Tens of thousands of people from the Carolinas will head to Myrtle Beach Friday to participate in the Atlantic Beach Memorial Day Bikefest. While they’ll be cruising and taking in the beach and biker shows, in the background will be the tension that accompanies the event every year, a disquiet about a tangential link to violence where large groups of black people congregate.
It’s akin to the baggage that has begun accompanying the annual CIAA Tournament after shootings have been reported for four consecutive years near where Charlotte’s largest annual tourism event has been held. The frustration CIAA Commissioner Jacqie McWilliams expressed in March is shared by fans of Bikefest.
“It was not connected to the tournament,” McWilliams said a couple of months ago when asked about the shootings. “That’s the sad part. Something that is not connected to the tournament or during the tournament, I have been asked to address. And I’m not going to address something that’s not connected to the tournament.”
The frustration is warranted. Tournament organizers can’t be held responsible for people who travel to Charlotte ostensibly for the event but do awful things any more than the Carolina Panthers can. But the Myrtle Beach area offers valuable lessons.
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The city has struggled for decades with similar issues concerning Bikefest, including traffic headaches and bouts of violence that can’t be directly linked to the event but are treated as though they are. Some years that led to overreactions, with ugly claims from members of the public and elected officials that needlessly divided a community that had a collective interest to make sure things went smoothly. Bikefest was often the Myrtle Beach area’s largest event, with tens of millions of dollars spent every day. Members of the Justice Department walked the streets some years to assess potential problems, and the NAACP and other groups filed lawsuits that beat back discrimination but also harmed small businesses caught in the vortex of chaos.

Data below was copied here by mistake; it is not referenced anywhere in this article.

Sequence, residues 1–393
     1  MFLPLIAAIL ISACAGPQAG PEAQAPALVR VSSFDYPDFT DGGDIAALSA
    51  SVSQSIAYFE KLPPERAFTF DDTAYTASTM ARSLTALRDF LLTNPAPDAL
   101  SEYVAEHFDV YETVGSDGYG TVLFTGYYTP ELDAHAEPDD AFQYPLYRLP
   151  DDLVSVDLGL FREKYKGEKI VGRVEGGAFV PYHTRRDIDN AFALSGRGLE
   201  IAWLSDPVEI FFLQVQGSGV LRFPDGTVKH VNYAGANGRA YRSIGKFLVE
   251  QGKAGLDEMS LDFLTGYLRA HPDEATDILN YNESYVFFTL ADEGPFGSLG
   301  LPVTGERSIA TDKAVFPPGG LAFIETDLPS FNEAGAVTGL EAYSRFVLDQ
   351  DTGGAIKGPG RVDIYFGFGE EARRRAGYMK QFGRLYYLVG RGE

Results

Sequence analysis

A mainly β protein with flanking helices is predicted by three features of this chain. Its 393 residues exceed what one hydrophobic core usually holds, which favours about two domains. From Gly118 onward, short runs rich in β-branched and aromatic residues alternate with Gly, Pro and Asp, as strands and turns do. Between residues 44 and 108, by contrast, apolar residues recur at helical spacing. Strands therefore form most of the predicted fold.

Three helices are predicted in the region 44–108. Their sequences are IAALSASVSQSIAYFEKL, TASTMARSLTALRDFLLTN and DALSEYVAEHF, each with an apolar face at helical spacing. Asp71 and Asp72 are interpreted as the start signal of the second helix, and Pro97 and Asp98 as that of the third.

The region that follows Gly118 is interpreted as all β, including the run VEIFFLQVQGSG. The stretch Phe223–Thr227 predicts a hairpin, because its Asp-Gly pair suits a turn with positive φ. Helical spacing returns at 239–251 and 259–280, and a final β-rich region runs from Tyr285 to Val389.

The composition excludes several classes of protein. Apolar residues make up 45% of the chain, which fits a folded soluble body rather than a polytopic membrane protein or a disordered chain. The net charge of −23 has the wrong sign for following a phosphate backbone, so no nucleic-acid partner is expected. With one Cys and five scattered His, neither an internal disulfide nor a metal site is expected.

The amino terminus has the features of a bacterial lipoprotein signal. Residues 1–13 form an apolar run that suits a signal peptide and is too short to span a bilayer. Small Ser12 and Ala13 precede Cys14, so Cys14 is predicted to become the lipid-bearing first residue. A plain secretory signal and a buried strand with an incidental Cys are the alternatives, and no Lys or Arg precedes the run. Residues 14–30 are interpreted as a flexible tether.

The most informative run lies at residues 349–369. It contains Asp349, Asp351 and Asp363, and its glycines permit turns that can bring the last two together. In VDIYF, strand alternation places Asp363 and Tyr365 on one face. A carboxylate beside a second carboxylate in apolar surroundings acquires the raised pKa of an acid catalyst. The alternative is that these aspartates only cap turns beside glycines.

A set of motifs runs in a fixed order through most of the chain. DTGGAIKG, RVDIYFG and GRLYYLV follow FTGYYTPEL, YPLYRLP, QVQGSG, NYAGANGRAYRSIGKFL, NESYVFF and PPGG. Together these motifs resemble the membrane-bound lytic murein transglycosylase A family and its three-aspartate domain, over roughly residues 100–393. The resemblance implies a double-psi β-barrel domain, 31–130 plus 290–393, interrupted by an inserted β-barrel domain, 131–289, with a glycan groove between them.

The area was also caught flat-footed in 2014 – after several years of relative calm and near-misses – when a string of shootings, including a triple murder, rocked the area and ignited another round of laws, new procedures and angry residents showing up in force at city hall. Those changes have been in place since and have mostly been deemed successful, with no side fully satisfied, often the mark of an effective compromise.
The lesson from Bikefest, an annual challenge to officials and leaders in several towns in Horry County, is to prepare before something erupts, when cooler heads are likelier to prevail, and neither assume the worst will happen, or won’t happen.
That’s why it remains important that Mayor Jennifer Roberts and Charlotte-Mecklenburg police Chief Kerr Putney deliver a full accounting to the public about violence during the CIAA tournament, including if and how the incidents are connected to the CIAA and what measures the police and city will take to prevent future violence.
Among the most difficult balancing acts for a community is responding appropriately to crime, and potential crime, particularly when the landmine that is race lurks in the background. That, however, is not a reason to avoid confronting this issue publicly, and soon.